What is myositis?
Myositis is a rare autoimmune disease that causes muscle weakness. There are different types of the condition.
What is myositis?
All types of myositis cause chronic inflammation of the muscles and connective tissues. This leads to muscle weakness. Some types can also effect other parts of the body.
Myositis can also occur as part of a disease called antisynthetase syndrome, or in people who have another connective tissue disease like lupus.
We use the term myositis to refer collectively to all of these types (‘myo’ means muscle and ‘itis’ means inflammation). We do not know what causes myositis.
The main symptom is muscle weakness. This may be progressive and can be severely disabling. In most people, myositis starts very gradually. The first signs might be an unusual rash or tripping and falling more regularly.
Polymyositis affects many areas of muscle in the body (‘poly’ means many) but doesn’t involve disease elsewhere (such as the skin).
Dermatomyositis is similar to polymyositis except skin rashes are also a feature (‘derma’ means skin).
Inclusion body myositis causes progressive muscle weakness around the hands and knees. Currently there aren’t any effective treatments for it.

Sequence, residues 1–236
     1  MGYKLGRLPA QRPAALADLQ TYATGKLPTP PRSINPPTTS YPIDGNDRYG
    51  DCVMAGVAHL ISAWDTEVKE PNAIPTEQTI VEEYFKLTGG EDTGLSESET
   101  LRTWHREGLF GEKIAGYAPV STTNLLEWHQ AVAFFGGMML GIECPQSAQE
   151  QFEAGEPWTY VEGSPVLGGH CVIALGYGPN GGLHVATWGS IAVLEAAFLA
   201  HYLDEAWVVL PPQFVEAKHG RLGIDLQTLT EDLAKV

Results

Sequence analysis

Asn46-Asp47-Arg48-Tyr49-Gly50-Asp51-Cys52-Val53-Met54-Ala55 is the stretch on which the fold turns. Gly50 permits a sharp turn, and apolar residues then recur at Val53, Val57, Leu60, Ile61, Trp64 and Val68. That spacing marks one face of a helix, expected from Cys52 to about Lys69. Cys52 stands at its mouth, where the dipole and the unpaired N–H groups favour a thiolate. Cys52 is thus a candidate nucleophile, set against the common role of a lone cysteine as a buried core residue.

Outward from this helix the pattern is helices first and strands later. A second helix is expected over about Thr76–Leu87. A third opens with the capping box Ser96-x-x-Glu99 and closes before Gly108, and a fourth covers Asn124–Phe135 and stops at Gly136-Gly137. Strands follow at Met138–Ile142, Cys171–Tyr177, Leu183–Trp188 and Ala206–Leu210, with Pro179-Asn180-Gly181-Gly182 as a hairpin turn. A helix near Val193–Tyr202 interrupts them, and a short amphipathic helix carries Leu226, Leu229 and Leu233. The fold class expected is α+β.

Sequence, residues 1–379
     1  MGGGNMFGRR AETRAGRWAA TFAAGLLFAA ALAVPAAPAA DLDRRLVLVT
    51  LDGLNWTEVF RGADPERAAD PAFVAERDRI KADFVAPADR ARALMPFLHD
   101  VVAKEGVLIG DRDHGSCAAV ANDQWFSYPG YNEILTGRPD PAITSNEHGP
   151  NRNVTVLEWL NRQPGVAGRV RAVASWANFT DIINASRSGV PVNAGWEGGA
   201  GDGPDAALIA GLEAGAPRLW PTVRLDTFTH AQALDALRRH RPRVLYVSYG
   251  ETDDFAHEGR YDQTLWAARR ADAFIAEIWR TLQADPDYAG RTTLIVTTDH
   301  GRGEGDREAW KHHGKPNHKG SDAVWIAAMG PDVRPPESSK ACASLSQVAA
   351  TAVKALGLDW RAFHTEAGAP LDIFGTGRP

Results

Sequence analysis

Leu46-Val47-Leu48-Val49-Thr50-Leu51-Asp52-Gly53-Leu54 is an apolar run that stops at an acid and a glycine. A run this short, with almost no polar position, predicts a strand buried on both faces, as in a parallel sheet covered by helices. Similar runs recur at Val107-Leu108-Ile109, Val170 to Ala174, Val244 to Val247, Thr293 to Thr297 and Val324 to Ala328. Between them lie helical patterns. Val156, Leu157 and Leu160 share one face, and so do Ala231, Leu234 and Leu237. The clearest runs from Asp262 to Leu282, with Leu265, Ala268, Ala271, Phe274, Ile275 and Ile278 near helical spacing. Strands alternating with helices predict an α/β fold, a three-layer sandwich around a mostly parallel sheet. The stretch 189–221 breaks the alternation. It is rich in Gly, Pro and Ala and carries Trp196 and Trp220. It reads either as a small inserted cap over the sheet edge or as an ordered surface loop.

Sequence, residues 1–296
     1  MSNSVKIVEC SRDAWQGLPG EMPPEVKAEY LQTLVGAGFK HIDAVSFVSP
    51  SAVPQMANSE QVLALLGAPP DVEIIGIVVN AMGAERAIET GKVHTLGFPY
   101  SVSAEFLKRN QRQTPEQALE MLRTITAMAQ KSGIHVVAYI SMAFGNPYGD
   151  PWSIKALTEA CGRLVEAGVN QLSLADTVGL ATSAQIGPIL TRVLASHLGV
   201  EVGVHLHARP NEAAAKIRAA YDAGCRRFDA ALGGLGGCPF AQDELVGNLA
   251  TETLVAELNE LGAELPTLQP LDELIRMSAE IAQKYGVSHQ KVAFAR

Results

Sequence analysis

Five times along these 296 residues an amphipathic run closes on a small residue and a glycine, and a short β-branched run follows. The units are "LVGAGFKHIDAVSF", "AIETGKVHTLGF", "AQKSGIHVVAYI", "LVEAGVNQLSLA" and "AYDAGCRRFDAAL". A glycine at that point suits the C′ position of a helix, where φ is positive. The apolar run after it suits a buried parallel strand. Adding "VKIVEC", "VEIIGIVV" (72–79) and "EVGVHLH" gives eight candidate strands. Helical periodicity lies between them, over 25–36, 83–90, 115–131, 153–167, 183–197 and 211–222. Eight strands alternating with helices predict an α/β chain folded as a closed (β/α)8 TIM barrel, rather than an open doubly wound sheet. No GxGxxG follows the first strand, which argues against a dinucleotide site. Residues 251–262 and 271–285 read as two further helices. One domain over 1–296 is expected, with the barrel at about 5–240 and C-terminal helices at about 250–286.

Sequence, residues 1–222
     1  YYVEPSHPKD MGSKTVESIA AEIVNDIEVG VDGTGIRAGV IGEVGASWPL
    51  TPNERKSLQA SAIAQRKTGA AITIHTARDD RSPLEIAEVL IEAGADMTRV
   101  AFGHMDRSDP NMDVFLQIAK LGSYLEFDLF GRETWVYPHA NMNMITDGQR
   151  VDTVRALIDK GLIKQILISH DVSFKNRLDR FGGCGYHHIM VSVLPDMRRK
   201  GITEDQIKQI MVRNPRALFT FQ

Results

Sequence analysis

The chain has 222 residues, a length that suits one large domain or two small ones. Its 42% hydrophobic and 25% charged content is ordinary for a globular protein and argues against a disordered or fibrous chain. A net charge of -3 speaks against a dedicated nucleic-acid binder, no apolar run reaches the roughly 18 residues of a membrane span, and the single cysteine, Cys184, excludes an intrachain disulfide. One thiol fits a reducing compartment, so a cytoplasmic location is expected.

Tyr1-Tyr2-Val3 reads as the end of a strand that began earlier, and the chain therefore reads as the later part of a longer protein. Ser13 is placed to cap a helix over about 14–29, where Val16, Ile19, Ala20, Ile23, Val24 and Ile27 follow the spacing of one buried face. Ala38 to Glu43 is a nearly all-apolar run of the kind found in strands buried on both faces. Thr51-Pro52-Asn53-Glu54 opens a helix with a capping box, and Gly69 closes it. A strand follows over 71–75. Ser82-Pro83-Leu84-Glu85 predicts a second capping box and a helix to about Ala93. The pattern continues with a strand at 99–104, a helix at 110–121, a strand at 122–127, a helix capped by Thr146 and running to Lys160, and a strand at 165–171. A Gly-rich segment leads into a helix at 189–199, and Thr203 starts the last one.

These are all rare diseases. Polymyositis and dermatomyositis affect only 6-8 people out of 100,000. They mostly affect adults, but children can be affected by a type of dermatomyositis (juvenile dermatomyositis). Inclusion body myositis is the most common acquired muscle disease in people over 50, but it is still a rare disease.
People with myositis can also experience pain, fatigue, depression and feelings of unhappiness.
What causes myositis?
The definitive cause is unknown. Experts think genetic predisposition and environmental factors both play a part.
Polymyositis and dermatomyositis (including juvenile dermatomyositis) are thought to be autoimmune diseases. This is where the immune system attacks the body’s own tissues. In these cases it is the muscles, leading to persistent and chronic inflammation.
The cause of inclusion body myositis is more unknown and may involve both autoimmune and degenerative processes.
Myositis can affect people of any age. While genetic factors play a part, there is no good way to predict who will be affected by it.
Is there a cure?
There is currently no cure. Most types of myositis can be treated using steroids and other medications which suppress the immune system. Unfortunately inclusion body myositis is unresponsive to current treatment. Instead, it is often a case of adapting to live with the disease.